The Life Cycle of a Coffee Bean
Here, at Pocket Latte, we pride ourselves in using whole, small-batch roasted coffee beans in our products to get the best flavor and experience our consumers can have when they consume a bar. Before the coffee beans are grounded and wrapped in aesthetically pleasing pastel wrappers, they go through a beautiful, natural process.
Coffee beans come from a cherry that is grown in regions throughout Africa, Arabica, and South America. Recently, the beans have been known to grow better in regions in South America due to having high altitude regions that give the beans a brighter acidity and fruity, floral notes. For every cherry, there are two beans per fruit that are produced that are manually picked.
Once the beans are picked, they can undergo a variety of processes. Depending on the aroma, body, and acidity that you want to achieve, you can pick through bean processes like dry, wet, honey, anaerobic, carbonic maceration, and giling basah.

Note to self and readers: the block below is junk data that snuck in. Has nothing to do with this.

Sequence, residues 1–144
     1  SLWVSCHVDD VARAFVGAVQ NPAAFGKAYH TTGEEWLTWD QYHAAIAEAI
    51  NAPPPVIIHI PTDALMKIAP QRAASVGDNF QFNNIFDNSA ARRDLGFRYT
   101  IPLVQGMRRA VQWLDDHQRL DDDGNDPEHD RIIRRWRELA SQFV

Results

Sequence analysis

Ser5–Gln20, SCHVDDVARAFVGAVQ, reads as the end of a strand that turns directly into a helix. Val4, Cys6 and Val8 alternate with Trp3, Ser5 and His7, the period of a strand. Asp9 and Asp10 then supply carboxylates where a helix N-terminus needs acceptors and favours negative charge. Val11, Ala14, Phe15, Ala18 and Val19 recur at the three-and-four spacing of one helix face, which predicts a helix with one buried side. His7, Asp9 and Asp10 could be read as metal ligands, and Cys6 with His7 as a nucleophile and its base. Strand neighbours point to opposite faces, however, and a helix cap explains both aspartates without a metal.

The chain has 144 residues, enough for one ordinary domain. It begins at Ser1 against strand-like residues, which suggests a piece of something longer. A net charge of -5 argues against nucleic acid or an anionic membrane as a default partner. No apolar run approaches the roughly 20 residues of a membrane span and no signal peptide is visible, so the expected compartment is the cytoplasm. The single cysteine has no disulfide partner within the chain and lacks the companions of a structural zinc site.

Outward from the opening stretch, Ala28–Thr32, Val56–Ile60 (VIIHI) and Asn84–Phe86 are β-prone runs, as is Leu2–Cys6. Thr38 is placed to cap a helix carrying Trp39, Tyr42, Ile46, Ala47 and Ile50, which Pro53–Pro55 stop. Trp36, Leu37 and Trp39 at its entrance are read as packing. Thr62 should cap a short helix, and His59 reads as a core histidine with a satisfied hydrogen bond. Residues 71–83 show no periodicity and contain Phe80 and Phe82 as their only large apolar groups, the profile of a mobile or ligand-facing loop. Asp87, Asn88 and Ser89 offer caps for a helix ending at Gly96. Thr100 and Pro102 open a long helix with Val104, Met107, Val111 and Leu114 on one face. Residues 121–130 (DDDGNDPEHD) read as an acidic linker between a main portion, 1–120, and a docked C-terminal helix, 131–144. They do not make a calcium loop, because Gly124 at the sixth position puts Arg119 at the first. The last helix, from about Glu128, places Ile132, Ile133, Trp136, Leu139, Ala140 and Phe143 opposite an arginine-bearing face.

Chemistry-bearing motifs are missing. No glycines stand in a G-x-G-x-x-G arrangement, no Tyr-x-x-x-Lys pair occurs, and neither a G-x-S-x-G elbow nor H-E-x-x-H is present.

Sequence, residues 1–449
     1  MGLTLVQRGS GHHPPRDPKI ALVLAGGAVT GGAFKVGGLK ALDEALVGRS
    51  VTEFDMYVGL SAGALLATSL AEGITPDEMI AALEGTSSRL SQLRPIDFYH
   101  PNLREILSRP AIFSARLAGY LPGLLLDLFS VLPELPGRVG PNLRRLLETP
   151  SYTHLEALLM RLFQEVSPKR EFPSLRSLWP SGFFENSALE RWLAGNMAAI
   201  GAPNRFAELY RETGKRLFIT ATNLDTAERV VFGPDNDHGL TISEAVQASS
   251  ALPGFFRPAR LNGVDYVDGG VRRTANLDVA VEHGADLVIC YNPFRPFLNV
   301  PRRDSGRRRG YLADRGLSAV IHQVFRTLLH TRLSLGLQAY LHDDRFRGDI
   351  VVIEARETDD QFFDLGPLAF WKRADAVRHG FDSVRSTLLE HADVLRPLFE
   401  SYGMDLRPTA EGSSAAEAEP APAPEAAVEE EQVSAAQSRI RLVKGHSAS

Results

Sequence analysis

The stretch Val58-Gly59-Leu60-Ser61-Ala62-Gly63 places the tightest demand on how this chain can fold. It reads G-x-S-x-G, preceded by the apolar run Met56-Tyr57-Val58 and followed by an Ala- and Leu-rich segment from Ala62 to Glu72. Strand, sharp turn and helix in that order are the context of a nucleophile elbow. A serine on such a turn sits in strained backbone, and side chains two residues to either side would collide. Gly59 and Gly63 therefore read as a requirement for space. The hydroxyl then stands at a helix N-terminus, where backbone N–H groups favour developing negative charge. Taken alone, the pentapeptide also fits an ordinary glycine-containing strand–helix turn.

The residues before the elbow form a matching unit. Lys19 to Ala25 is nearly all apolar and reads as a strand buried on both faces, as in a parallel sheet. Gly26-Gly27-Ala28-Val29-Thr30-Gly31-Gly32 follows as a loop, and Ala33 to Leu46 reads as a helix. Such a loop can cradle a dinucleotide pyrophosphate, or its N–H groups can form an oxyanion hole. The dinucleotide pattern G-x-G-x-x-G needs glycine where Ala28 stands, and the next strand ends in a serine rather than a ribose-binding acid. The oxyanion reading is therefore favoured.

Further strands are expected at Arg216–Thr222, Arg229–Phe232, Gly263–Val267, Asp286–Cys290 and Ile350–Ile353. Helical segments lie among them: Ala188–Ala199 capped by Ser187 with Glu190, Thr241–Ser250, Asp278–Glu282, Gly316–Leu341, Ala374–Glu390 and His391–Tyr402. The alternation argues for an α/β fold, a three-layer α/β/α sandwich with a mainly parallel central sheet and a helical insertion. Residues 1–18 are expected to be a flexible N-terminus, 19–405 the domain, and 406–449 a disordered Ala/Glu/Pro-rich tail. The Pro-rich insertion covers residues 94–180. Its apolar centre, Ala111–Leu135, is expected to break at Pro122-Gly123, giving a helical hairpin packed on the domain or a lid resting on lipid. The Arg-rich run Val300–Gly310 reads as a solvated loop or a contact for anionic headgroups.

The two most common processes are the dry and wet. The dry process, also known as the natural process, allows the coffee cherries to dry out in the sun in a thin layer and are turned often. In a wet process, the beans are removed from the cherry during washing and are fermented in a water tank. The fermentation lasts about 1-3 days before they are spread out in a thin layer to dry. The wet process is more favorable for its clean and acidic flavor; however, it is the most expensive because of the water used which makes it the least favorable for economic reasons.
Once the beans are dried, they are stored with a parchment layer to protect them from wet weather before exporting. The parchment layer is removed whenever the beans are exported through a technique called hulling. This removes the outer layer mechanically in a dry mill. The beans are graded with machines or by hand with sieves.
The beans are packed into jute bags and shipped to a roastery where the most wonderful flavors are created. The roaster picks his or her roasting method depending on the blend of beans, moisture, size, and region. After the process is done, it is packed and ready to be brewed or eaten in a form of a bar.
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